Despite being potentially one of the smallest stations in the world, Goathland Voluntary Fire and Rescue Service has a roaring community spirit.
In fact, the nine-strong voluntary crew is so small, it is in talks with the Guinness Book of World Records to see if it is indeed the smallest in the world.
That said, the team at the station has a big heart as fire-fighting is something they do alongside day jobs and at the drop of a hat.
Within just four minutes, they hope to be at the scene of an incident and they are equipped to deal with most things from house fires, to car crashes to blazes on the moors.
On average they tend to deal with between 25 and 50 call-outs per year.
That may not sound like a lot compared with other busier stations but is pretty impressive when the crew, when needed, could be at work or just sitting down to tea with their families.
When a shout comes in, it is passed through the central control unit and then to Goathland station and then the volunteers on duty.
And they don’t just cover Goathland, they also look after Sleights, Egton, Grosmont and Whitby too if they can be of assistance.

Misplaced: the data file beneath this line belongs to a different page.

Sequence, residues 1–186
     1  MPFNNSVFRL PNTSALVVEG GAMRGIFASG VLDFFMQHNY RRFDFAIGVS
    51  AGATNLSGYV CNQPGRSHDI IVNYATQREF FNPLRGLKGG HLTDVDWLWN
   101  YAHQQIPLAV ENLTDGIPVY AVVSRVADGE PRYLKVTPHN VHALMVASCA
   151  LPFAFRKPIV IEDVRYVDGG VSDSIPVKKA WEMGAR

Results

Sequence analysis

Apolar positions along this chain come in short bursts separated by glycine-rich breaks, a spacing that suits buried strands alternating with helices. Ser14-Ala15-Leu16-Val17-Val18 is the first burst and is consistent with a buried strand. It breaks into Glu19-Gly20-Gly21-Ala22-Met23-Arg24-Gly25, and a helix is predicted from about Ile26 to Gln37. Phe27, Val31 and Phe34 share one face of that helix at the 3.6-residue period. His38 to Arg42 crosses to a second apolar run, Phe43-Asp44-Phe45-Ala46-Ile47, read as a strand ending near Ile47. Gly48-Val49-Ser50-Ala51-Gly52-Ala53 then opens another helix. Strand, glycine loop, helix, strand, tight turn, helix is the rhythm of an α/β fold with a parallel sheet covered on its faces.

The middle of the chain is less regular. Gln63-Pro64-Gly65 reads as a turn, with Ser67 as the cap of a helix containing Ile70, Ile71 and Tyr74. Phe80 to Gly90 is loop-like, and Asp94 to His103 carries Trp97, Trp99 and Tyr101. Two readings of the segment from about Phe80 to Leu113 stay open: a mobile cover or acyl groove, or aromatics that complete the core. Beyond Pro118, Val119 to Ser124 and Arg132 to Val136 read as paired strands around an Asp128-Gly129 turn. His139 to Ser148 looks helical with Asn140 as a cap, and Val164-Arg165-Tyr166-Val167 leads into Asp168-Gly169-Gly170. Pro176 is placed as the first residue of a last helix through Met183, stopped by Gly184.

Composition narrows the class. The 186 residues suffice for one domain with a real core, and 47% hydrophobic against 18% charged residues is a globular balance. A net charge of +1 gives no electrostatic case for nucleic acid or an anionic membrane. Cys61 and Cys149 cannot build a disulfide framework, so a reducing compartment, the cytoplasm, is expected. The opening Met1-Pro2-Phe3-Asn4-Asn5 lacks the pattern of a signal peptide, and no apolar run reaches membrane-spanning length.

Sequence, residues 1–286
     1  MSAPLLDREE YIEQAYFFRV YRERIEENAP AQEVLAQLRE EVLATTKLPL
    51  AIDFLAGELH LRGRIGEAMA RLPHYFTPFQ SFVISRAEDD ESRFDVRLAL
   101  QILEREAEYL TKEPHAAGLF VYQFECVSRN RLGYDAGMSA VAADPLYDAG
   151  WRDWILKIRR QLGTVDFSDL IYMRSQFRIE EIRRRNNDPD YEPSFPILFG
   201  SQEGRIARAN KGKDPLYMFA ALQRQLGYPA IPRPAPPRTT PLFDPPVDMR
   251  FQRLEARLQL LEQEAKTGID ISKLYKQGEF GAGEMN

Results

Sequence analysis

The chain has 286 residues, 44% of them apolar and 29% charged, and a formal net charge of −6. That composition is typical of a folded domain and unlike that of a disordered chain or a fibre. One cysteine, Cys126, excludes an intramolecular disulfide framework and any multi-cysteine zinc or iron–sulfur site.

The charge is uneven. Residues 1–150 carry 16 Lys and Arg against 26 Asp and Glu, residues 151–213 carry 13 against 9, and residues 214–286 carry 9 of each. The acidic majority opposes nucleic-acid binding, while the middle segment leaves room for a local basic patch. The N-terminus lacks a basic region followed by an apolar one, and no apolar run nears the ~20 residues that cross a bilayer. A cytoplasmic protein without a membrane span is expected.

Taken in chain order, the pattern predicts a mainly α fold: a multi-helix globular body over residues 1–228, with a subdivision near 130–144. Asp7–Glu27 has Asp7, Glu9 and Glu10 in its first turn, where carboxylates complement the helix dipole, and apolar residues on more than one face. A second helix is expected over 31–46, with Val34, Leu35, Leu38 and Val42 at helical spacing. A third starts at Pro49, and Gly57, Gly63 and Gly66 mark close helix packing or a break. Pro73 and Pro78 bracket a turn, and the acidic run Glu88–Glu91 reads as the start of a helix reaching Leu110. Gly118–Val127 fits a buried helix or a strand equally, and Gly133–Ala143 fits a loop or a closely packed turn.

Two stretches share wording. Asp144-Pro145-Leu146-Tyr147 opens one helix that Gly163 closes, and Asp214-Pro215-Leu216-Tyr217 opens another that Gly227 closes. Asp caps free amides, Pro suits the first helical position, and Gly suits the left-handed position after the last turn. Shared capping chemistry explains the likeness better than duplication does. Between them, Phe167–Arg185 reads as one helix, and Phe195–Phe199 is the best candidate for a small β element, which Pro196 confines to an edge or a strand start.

Despite the vast area that makes up North Yorkshire, the county’s fire service is unique due to its rural economy and low population and is the only one in the country to use volunteer fire stations.
The county as a whole boasts only four 24-hour stations, seven day crewed, 24 retained stations crewed by part-time fire fighters and three volunteer stations.
Firefighter Chris Barker said: “We absolutely do this for the village, every drill night we are all normally here.”
The service at Goathland is funded by North Yorkshire Fire and Rescue Service and the crews fear they won’t escape the harsh government cuts.
Chris admitted: “We are unnerved.”
The demand to have protection against fire in Goathland began in 1933 and the longest serving firefighter for Goathland station, Mick Atkinson, received an MBE from Her Majesty The Queen in 2000, for his hard work for the fire service.
A photograph of Mick with Princess Margaret still has pride of place on the wall of the station, proudly showing him receiving his award on the steps of Buckingham Palace.